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Where Does Well Water Come From?

By October 23, 2023December 25th, 2023No Comments

When we buy a home, it will either have well water or city water.  Some people prefer one over the other and some really don’t care.  Well water refers to the water that is contained in underground aquifers and is accessed through wells. It is considered a natural source of fresh water and is commonly used for various purposes such as drinking, irrigation, and household needs.  Where does well water come from? It comes from underground aquifers and when drilling into the well, water is pumped out.

Let’s learn more about well water.

Ground water well.

What’s in Well Water?

The composition of well water can vary depending on the geological characteristics of the area where the well is located. Generally, well water contains minerals such as calcium, magnesium, and iron. It may also contain traces of contaminants like bacteria, viruses, pesticides, and heavy metals if proper measures are not taken to ensure its purity.

My Home Has Well Water, What Does That Mean?

Having well water means that you rely on groundwater as your primary source of water. Unlike municipal water supplies that are treated and regulated, well water requires personal responsibility for water quality and maintenance.

Where Does Well Water Come From?

Well water comes from underground aquifers, which are layers of permeable rocks or sediments that hold water. These aquifers are recharged by rainfall and surface water that infiltrates into the ground. When a well is drilled into these aquifers, water is pumped out for use.

Well water pump

How Does Well Water Work?

Well water is typically accessed using a pump system that draws water up from the well. The pump is usually powered by electricity or can be driven by a manual mechanism. The water is then stored in a pressure tank or directed to the intended point of use.

Pros of Well Water

There are several advantages to using well water:

  • Cost savings: Well water is generally more cost-effective than relying on a municipal water supply.
  • Independence: Having your own well provides independence from public water utilities and potential water shortages during emergencies.
  • Mineral-rich: Well water often contains beneficial minerals that can contribute to good health.

Cons of Well Water

Despite its benefits, there are also some drawbacks to well water:

  • Water quality concerns: If not properly maintained, well water may become contaminated with harmful substances, necessitating regular testing and treatment.
  • Upfront costs: Drilling a well and installing a pump system can be expensive.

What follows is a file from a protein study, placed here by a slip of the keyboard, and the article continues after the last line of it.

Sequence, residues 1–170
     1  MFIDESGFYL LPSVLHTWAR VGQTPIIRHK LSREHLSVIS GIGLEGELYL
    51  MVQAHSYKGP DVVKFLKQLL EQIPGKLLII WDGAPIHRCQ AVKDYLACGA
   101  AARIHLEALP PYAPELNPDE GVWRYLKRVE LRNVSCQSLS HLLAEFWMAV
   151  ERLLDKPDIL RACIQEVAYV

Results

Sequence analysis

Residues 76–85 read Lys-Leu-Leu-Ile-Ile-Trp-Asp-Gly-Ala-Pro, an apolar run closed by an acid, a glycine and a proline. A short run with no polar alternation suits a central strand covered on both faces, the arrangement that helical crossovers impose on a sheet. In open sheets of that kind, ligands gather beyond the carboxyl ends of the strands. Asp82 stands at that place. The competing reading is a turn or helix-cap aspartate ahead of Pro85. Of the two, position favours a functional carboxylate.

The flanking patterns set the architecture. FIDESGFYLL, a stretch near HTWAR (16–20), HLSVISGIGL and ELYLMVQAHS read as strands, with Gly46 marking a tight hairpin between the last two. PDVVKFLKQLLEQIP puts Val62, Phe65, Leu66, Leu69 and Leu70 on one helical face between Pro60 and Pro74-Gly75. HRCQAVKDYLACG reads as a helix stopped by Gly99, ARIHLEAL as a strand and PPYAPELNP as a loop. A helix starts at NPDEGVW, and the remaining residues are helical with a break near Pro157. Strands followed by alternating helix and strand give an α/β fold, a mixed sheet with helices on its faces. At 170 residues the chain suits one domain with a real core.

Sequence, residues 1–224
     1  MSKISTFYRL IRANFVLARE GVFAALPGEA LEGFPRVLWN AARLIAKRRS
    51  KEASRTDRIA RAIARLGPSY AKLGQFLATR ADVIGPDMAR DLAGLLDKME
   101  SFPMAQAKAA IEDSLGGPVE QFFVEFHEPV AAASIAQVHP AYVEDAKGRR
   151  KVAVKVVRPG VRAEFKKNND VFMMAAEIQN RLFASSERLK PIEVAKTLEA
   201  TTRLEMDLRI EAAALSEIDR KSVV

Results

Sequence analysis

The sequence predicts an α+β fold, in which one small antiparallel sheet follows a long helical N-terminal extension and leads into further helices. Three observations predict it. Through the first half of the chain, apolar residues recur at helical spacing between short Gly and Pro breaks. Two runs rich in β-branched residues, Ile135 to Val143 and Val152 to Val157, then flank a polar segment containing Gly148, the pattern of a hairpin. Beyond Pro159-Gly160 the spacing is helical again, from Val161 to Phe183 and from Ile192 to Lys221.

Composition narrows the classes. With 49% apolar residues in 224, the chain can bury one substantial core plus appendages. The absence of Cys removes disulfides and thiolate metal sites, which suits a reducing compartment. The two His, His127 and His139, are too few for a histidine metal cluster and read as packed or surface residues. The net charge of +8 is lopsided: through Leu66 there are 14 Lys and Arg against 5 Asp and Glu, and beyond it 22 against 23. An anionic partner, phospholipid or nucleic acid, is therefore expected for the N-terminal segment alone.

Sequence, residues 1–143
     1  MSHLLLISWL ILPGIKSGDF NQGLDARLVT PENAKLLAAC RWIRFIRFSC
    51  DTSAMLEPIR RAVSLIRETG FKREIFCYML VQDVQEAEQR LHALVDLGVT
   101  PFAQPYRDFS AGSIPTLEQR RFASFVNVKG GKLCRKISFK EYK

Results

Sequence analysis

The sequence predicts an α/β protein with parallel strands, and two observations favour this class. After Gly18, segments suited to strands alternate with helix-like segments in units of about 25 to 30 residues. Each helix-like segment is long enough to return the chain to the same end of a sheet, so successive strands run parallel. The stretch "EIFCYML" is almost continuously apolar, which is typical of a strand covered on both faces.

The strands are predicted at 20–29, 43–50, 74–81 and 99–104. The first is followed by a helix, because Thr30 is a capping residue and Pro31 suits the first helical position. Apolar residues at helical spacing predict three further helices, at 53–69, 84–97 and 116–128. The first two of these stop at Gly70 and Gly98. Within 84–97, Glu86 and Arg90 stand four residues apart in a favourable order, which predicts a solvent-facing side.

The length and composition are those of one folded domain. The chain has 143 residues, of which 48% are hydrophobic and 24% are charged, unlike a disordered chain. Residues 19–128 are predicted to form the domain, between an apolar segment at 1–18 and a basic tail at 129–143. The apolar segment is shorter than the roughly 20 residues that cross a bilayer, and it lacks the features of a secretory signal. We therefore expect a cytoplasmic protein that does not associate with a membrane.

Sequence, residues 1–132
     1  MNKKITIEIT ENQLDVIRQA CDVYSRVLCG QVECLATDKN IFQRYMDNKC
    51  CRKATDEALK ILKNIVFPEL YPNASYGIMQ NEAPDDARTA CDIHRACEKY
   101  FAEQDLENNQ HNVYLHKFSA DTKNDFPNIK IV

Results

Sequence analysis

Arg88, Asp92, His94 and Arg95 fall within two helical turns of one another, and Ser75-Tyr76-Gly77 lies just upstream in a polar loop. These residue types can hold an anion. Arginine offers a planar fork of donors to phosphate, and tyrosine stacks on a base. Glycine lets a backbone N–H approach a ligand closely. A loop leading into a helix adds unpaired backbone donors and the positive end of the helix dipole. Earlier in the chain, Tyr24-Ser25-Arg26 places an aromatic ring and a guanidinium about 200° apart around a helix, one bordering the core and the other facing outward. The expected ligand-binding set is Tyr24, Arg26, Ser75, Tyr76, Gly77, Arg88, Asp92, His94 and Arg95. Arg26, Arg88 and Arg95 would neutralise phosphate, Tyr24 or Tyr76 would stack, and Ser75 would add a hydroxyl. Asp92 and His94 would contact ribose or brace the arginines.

• Limited supply: The amount of water available in a well is finite and can be depleted during periods of drought or excessive usage.

How to Keep Contamination Away

To ensure the purity of well water and prevent contamination, follow these guidelines:

1. Regularly test the water for various contaminants.

2. Maintain a safe distance between the well and potential sources of contamination, such as septic systems, fuel storage areas, and livestock.

3. Properly seal and cap the well to prevent surface water runoff and infiltration.

4. Practice responsible use of chemicals and dispose of hazardous substances correctly.

5. Educate yourself on proper well maintenance and seek professional assistance when needed.

Take a look below at a video about how wells work.

Other Recommended Maintenance

Now that you know about where well water comes from, let’s take a look at a few other areas of maintenance.  One of those is brown well water.  When it is brown, it means it possibly has a lot of iron in it, but it could also be other reasons. The other reasons may be an issue with the pipes or the need for a water softener.

Another is how long a well lasts.  They can last from 30-50 years and even sometimes 100 years! It is a great idea to keep up with the maintenance so you get as much life as possible out of it.

Lastly, many wonder if there is fluoride in well water.  There is fluoride in well water so it is just as nutritious as city water. However, it is a good idea to have the water tested every three years to make sure the fluoride levels are not too high.

When to Call a Professional

It is advisable to contact a professional if you experience any of the following issues:

  • Sudden changes in water quality or taste.
  • Persistent odor or discoloration.
  • Reduced water pressure or flow.
  • Mechanical failure or unusual noises from the well system.


Well water is a valuable natural resource that provides many benefits, including cost savings and independence from public utilities. However, it requires responsible management and regular monitoring to ensure its safety and quality. By following proper maintenance practices and seeking professional help when needed, you can enjoy the advantages of well water while minimizing the risks associated with contamination.  Call on the Bentley Home Inspection team for a well inspection in East Tennessee, and surrounding areas.